Walter Cronkite's longtime producer Leslie Midgley once wrote that, "News is what an editor decides it is." News today is what TV producers decide can help President Obama. News that hurts isn't news at all.
In the last week, network anchors like Brian Williams repeated endlessly that the Occupy Wall Street protests are "increasingly resonating." It's the story reporters will declare, "isn't going away" -- and they're going to see to it. They are using their microphones like yellow Hi-liter pens to draw attention to it.
Don't you wish journalists would do the opposite on stories they want to drop down the memory hole? You'll never hear "This story has no resonance at all." That could have been said in the brief network attention paid so far to the Obama administration's Solyndra scandal.
Most Americans could still be fooled into thinking Solyndra is a new laundry detergent, not a failed solar energy company that took a half-billion dollars in Obama "green job" loans and went belly up. It's another Enron.
You remember Enron. In the first two months of 2002, the big three networks reported a stunning 198 stories on the Enron bankruptcy. Back then, Democratic Party chairman Terry McAuliffe was traveling from one studio to the next denouncing George W. Bush's "Enronomics" and "Enronizing" of Social Security. On CNN, "Crossfire" host Bill Press joked along: "I'm all for politicizing Enron."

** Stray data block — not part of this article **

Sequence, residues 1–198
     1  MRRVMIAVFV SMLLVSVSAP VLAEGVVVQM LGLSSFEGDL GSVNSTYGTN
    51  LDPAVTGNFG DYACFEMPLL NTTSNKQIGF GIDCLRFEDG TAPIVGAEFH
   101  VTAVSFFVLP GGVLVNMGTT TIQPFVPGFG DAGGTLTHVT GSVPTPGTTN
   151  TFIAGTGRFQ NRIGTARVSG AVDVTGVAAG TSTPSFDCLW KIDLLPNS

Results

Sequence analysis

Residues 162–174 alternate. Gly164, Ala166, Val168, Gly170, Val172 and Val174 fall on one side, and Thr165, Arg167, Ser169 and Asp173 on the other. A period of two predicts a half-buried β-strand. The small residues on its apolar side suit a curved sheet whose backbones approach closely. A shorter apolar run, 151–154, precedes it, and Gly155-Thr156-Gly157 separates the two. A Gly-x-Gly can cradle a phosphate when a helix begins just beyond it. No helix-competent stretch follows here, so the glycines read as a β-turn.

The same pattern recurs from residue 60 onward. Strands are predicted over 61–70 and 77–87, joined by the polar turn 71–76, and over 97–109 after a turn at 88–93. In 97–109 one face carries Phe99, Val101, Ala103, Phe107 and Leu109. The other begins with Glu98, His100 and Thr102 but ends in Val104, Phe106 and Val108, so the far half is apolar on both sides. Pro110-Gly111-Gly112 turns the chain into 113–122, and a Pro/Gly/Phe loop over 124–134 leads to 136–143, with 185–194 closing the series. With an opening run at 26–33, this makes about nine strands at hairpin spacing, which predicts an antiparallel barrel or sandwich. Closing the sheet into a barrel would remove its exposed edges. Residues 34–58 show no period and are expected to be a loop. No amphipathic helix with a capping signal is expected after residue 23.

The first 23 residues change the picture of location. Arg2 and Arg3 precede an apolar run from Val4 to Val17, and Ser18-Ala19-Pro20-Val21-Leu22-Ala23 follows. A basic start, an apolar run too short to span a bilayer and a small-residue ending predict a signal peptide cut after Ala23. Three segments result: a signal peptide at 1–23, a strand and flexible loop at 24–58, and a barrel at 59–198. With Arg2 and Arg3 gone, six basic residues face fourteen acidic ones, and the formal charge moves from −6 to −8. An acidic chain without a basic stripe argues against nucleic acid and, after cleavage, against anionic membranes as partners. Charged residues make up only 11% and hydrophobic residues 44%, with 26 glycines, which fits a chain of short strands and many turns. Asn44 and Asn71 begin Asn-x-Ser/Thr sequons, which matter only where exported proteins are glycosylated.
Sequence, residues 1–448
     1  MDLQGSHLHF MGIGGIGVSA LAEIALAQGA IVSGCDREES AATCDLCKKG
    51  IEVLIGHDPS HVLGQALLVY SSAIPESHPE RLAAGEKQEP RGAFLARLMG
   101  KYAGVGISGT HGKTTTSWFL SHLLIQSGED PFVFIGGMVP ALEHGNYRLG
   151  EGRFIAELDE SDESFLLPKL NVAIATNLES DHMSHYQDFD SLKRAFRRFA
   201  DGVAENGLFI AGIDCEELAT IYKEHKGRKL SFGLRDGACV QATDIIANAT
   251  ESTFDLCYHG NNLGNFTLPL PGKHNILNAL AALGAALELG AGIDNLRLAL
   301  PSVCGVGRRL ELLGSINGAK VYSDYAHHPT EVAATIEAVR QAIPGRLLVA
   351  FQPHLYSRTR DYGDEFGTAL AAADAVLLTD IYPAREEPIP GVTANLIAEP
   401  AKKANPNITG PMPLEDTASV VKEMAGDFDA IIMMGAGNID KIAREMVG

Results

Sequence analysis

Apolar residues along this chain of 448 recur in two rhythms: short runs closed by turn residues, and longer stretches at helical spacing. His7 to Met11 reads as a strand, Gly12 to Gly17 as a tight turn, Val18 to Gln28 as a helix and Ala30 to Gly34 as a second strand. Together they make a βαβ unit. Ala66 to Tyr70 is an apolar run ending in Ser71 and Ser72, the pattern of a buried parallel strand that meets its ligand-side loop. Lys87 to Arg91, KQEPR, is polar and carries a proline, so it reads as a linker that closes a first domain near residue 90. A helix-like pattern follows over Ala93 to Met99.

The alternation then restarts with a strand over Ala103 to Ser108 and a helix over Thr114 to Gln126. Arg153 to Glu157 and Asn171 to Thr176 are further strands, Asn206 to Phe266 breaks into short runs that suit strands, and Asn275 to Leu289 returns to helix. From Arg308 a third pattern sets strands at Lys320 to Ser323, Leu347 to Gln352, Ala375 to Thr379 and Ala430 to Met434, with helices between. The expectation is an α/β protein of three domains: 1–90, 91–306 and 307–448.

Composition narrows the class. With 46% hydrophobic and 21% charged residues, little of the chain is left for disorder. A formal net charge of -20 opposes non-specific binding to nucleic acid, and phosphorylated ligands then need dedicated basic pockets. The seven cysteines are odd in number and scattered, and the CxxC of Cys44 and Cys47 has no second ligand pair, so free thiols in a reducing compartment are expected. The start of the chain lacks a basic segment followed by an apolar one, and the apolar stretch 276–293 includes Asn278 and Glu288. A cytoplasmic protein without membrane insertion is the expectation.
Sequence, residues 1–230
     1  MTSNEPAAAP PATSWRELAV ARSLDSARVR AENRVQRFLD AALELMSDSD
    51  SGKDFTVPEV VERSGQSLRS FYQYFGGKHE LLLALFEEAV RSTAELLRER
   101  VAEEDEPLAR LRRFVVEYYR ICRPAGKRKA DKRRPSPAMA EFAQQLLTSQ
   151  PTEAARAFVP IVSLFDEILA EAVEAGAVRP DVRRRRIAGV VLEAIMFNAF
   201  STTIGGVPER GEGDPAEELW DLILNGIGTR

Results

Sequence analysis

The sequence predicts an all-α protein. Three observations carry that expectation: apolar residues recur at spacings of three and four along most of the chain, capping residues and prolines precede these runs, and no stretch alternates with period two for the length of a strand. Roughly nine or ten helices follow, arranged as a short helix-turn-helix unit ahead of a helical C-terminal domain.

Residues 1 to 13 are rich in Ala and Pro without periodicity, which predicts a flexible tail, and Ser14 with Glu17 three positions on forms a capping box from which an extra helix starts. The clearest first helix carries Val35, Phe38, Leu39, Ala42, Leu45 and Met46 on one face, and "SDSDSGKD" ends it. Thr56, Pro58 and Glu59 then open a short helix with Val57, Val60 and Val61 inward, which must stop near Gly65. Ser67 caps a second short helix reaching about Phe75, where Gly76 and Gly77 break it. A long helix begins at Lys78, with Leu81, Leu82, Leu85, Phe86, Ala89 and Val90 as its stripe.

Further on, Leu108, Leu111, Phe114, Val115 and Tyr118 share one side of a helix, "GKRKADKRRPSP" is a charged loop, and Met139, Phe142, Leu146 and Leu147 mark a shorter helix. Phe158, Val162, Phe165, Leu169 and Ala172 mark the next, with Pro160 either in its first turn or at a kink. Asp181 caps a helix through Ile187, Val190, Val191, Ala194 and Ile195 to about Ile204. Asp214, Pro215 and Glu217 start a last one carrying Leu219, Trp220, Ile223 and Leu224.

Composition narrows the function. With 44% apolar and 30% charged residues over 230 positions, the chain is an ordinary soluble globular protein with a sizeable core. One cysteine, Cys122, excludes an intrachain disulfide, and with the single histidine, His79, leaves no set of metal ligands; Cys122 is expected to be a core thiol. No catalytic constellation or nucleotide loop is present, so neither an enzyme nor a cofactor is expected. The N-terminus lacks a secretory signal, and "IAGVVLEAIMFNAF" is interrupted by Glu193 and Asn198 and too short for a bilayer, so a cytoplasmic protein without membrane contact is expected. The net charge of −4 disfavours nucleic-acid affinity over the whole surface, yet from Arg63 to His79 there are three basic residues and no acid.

That's shorthand for "campaign finance reform." CBS anchor Dan Rather touted, "A late-night showdown tonight in the House on long-blocked legislation for an at least partially-meaningful campaign money reform bill. The bill was revived mostly by the shame of Enron."
Enron was also used to kill Social Security reforms. NBC anchor Tom Brokaw led into a Karl Rove interview: "Karl Rove was forced to sell his Enron shares at a loss last year to comply with ethics regulations. Even though thousands lost their life savings in Enron stock and 401(k) accounts, this administration is pressing ahead to allow all Americans to buy stock as part of their Social Security accounts."
Now there's Solyndra. Team Obama doesn't want anyone "politicizing" Solyndra or trying to coin "Solyndranomics." They want minimalist coverage, and that's precisely what they're getting. Since its Aug. 31 bankruptcy filing, ABC, CBS and NBC have filed a grand total of 15 stories on Solyndra. That's an Enron-to-Solyndra comparison of 24 to 1.
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